FIG. 1 shows a simplified view of a computer connected to a die by a bus.
FIG. 2 shows a block diagram showing a first multi-pattern data retention test method.
FIG. 3 shows a detailed test procedure for the multi-pattern data retention test where Vdd is reduced and then restored to determine memory retention capability.
FIG. 4 shows a memory programmed with a checkerboard pattern of high and low levels in its cells.
FIG. 5 shows the memory of FIG. 4 with a checkerboard-bar pattern programmed into its cells.
FIG. 6 shows a memory with columns alternately programmed as low and high.
FIG. 7 shows a memory with columns alternately programmed with FIG. 6 low and high-bar.
FIG. 8 shows a memory with rows alternately programmed as low and high.
FIG. 9 shows a block diagram of a change of measurements test procedure for use with an Iddq or a defect activating test die screening test.
FIG. 10 shows a graph of an iterative change of measurements test procedure where Iddq is measured in an iterative test procedure in combination with a multi-pattern data retention test.
FIG. 11 shows a multi-pattern data retention test and a change in measurements test procedure.
FIG. 12 shows a multi-pattern data test in combination with a multi-pattern data test procedure including change of measurements wherein the iterative-testing is of the multi-pattern data retention.
FIG. 13 shows a multi-pattern data retention test in combination with a high voltage screen, change of measurements, wherein the stability objective considers the iterative multi-pattern data retention test, the high voltage screen and a further multi-pattern data retention test.
FIG. 14 is a graph of a sample population of dies against the voltage where there is a minimum hold of data.
This invention uses testing procedures shown in the block diagrams of FIGS. 2, 3, 9, 11, 12 and 13 which are discussed in detail below. The procedures are conducted by connecting a die to a computer as generally depicted in FIG. 1. The die (1) is connected to the computer/tester (2) by a bus (3). The die may be an application specific integrated circuit (ASIC), a SRAM, a logic circuit or any other integrated circuit to which tests in accordance with this invention may be applied. Although use of a computer is preferred for applying voltages and multi-pattern data in a test, other devices, such as voltage meters and recorders may be used.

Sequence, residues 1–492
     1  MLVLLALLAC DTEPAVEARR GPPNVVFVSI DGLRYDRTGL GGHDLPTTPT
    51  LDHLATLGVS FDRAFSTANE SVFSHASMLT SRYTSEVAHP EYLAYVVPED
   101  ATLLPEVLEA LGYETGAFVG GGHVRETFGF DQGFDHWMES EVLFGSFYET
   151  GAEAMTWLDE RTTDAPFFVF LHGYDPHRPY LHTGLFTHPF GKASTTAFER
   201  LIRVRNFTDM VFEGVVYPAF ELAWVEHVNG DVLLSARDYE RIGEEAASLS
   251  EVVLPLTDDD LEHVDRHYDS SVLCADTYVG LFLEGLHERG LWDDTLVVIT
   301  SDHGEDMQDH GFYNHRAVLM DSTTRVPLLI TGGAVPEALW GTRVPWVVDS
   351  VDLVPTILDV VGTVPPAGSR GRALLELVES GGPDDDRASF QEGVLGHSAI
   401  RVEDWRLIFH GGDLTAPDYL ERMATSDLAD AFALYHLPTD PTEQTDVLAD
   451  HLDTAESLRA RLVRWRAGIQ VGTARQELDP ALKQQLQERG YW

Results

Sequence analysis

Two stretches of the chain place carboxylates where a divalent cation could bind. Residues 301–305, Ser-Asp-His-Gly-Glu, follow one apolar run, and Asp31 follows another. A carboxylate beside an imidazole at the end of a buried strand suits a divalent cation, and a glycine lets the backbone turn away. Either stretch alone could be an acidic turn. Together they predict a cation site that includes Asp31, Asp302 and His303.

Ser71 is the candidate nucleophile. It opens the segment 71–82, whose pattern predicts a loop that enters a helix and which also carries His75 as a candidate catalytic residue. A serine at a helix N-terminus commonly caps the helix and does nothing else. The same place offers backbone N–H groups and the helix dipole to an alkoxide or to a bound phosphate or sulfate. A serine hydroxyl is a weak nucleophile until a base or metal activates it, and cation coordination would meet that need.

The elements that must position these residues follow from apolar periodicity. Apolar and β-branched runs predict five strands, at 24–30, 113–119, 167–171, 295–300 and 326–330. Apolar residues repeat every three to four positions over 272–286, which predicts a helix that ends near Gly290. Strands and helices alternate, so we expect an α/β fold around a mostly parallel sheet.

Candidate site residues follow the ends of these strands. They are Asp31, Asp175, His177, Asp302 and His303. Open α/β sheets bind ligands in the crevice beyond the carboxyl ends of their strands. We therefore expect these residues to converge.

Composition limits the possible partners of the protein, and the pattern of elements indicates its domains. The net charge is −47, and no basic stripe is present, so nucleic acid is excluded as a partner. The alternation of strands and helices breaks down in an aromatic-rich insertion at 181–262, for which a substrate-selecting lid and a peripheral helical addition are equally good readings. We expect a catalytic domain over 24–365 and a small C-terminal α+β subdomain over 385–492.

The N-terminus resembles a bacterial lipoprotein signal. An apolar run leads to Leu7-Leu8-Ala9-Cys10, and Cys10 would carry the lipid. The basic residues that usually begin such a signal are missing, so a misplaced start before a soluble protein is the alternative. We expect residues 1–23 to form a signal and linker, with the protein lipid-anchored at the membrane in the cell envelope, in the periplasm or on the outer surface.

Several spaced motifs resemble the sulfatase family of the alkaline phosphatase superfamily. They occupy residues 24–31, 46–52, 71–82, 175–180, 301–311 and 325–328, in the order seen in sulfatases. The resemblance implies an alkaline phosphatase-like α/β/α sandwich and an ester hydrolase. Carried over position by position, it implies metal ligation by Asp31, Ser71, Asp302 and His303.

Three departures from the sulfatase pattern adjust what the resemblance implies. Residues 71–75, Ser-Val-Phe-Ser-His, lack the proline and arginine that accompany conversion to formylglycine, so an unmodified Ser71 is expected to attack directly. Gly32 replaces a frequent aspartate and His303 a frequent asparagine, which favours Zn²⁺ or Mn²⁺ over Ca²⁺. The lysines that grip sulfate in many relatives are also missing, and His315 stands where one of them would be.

FIGS. 2 and 3 show a straight forward multi-pattern data retention test of this invention. Iterative or change of measurements testing of a logic or ASIC chip in accordance with the invention is shown in FIG. 9. The die may also be subjected to iterative multi-patterned data retention testing procedures in accordance with the invention which are set forth in FIGS. 11, 12 and 13. The computer programming methods necessary to place information into a memory, analyze memory read-out, to provide test voltages and currents, such as Vdd or Iddq and to measure chip response in a single test or iterative change of measurements test are well known in the art. However, the iterative change of measurements tests and multi-pattern data tests as described herein are not known in the art.
In FIG. 2 there is shown a block diagram of the test procedures used to test a memory such as an SRAM using a one-pass multi-pattern data retention test as disclosed in FIG. 3. In this test, the first procedure (12) is writing of test pattern information into the memory at the specified Vdd. This test pattern information may be any arbitrary pattern of high and low states/voltages (ones and zeros) stored in memory cells. Examples of these patterns are shown in FIGS. 4-8. The next procedure (14) is to drop Vdd by a specified amount to a low level Vdd to allow inter-cell leakage which is charge leakage from one cell to another cell changing the state of the cell. Next Vdd is restored at procedure (16). The restoration of Vdd enables the chip and allows normal chip functions such as read out at procedure (18) comparison to originally recorded data is at procedure (19).
The chip is then read out at procedure (18) and the data is transferred back to the computer (2) where it is compared to the initial pattern to determine if the data has been retained in the memory. If there has been charge leakage from one cell to another, data will not be accurately retained.